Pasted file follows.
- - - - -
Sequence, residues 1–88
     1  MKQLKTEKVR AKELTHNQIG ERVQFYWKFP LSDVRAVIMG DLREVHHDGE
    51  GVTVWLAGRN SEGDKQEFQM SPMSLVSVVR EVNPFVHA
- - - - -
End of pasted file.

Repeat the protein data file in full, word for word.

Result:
Sequence, residues 1–88
     1  MKQLKTEKVR AKELTHNQIG ERVQFYWKFP LSDVRAVIMG DLREVHHDGE
    51  GVTVWLAGRN SEGDKQEFQM SPMSLVSVVR EVNPFVHA